Such as?

Not everybody needs or wants to go to Harvard. We have to have a playing field where other institutions are equally, mutually seen as representing important options in people's lives. They're not second rate. I guess my argument is, if you have mutual respect for different types of institutions you'll have a different dynamic.

Speaking of Harvard, to what extent are the 74 US universities that show up on global rankings driving higher education policy in the rest of the world?

There's no doubt the United States dominates. There is lots that is really good about US higher education that other countries could learn from – its diversity, the breadth of its institutions, even forgetting the Harvards and Princetons and all of that crowd, the state universities, liberal arts colleges, community colleges, city colleges, the mobility across the system, the ability to transfer credits, to move from one part of country to another. By and large that's all positive.

Many of the other countries, certainly in Europe, have got these very rigid binaries – it's either university or non-university.

But this is the other side of it: You've got this incredible top echelon and then you've got these incredible failures. US completion rates are shocking, attrition is shocking, the levels of student debt, the cost, affordability, it's shocking.

This is where this kind of focus on the narrow – we focus on this very narrow stratum and think this is great. The contradictions, the extremes are very extreme. The whole equity issue in the United States is just enormous.

As you note, the top 100 rankings captures a mere 0.5% of the 18,000 institutions that enrol students worldwide. You also calculate that those institutions as a group enrol about 0.4% of the world's 200 million college students. How do those statistics skew our understanding of institutions and students?

We're obsessed with this incredibly small percentage of students. What about the other 99.6%? No one is for poor standards or poor academic research, but what are we doing about everyone else? If we were ranking hospitals and only dealt with a few people who went to one hospital, it would be outlawed.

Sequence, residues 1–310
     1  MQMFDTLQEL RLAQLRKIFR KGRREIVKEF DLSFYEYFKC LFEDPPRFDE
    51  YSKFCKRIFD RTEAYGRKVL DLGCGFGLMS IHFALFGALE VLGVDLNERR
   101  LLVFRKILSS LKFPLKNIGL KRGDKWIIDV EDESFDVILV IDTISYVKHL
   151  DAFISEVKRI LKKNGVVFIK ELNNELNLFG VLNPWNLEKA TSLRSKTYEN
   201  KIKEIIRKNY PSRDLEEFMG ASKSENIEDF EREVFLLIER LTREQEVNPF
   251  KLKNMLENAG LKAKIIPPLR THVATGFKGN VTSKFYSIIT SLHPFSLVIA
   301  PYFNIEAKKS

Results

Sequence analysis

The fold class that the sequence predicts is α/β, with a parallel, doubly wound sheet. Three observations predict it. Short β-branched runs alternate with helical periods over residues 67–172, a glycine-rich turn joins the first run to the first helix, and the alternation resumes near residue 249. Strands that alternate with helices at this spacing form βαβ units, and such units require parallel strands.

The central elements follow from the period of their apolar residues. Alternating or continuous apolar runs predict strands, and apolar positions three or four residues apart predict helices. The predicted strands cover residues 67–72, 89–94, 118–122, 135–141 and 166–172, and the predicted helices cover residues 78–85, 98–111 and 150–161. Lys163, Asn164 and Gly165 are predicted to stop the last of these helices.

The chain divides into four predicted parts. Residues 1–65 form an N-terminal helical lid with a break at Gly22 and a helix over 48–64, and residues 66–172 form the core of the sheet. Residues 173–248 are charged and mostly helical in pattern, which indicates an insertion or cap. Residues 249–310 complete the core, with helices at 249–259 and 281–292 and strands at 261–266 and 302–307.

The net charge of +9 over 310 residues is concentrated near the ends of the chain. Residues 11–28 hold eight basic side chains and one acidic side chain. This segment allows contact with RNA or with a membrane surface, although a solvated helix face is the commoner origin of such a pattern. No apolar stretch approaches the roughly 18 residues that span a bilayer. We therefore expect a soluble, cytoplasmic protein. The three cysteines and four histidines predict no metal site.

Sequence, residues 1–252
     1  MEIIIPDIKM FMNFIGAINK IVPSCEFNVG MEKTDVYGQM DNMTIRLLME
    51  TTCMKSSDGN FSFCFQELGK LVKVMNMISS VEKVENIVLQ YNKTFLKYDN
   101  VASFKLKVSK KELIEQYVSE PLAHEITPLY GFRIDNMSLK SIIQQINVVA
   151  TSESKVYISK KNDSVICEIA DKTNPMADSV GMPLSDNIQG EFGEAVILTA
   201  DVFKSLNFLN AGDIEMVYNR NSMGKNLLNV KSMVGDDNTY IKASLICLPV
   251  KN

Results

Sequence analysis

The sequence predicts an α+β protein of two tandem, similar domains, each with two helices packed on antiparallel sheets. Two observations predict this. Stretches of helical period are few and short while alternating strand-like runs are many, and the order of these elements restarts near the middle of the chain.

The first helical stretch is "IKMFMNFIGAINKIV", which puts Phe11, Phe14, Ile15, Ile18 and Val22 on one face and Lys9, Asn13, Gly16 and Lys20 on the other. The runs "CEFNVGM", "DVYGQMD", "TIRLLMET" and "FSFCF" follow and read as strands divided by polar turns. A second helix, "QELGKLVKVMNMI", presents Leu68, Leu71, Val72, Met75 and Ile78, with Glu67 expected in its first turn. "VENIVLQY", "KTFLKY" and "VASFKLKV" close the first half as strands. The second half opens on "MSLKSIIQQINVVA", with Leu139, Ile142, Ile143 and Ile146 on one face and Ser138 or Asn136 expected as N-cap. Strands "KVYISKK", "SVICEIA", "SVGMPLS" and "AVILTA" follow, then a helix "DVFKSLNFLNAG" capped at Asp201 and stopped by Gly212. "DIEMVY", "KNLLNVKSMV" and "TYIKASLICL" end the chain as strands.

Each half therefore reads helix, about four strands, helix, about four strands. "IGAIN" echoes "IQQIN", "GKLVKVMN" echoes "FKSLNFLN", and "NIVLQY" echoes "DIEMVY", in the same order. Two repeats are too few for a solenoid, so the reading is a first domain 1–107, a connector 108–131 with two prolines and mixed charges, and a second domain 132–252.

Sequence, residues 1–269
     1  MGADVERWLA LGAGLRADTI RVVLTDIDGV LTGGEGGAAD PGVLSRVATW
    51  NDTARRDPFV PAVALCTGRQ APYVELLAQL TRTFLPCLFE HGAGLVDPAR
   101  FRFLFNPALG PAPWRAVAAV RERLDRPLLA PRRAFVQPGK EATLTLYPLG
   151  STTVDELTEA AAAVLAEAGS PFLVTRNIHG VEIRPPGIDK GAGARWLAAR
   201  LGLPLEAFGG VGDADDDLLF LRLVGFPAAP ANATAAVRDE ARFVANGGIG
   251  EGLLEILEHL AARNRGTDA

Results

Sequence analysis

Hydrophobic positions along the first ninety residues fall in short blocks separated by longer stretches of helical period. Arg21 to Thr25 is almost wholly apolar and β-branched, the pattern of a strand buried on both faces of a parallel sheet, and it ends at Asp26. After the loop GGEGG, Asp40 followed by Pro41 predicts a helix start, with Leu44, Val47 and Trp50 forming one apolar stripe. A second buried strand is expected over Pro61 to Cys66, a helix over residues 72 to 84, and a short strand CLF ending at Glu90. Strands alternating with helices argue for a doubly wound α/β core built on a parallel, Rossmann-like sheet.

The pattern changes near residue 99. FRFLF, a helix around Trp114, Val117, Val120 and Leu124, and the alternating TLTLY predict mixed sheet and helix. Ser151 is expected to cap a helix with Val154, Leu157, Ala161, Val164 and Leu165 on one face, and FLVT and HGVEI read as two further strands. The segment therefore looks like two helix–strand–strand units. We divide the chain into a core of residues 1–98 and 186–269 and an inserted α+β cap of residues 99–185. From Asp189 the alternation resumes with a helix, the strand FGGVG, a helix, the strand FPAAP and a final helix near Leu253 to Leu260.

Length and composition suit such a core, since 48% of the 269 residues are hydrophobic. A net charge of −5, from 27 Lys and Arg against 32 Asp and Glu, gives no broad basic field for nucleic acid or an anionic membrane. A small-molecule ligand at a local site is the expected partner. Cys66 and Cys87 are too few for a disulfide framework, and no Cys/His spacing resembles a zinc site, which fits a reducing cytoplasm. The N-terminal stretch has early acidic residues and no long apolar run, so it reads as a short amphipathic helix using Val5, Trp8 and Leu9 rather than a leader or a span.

Is the approach taken by U-Multirank any better?

It's got some good attributes but it is full of contradictions. U-Multirank challenges the notion that there's one kind of excellence. However it has many of the same difficulties. The indicators are methodologically problematic, not least because they mix quality with quantity.

It’s a crowd-sourcing tool – in other words any institution can be ranked just by providing data – which makes it very democratic. But this also means that the results are only as good as what's in the database.

It’s also clear its original ambitions have become diluted over time. Ultimately, I think as a European project, it should focus in the first instance on developing a tool that can enhance and sell European higher education; make that a success, and then expand the horizons.

How about the concept of world-class systems instead of world-class universities?

Universitas 21 is a move in that direction. Finland is an interesting country. It excels across the board in most indicators. And it's a very equitable society that [strives to deliver] a high-quality education across the country. They don't focus just on Helsinki.

Ireland has adopted a similar approach.

Some of these kinds of things are happening elsewhere as different societies begin to consider a much more managed approach for looking at all their institutions and the role that they all play.

So I see some promising things. But it's a real conundrum. I think we have yet to come up with the optimum approach. Certainly broadening out the range of options and opportunities is key to where we 're going.

Ellen Hazelkorn’s Rankings and the Reshaping of Higher Education: The battle for world-class excellence, second edition, is published by Palgrave (March, 2015).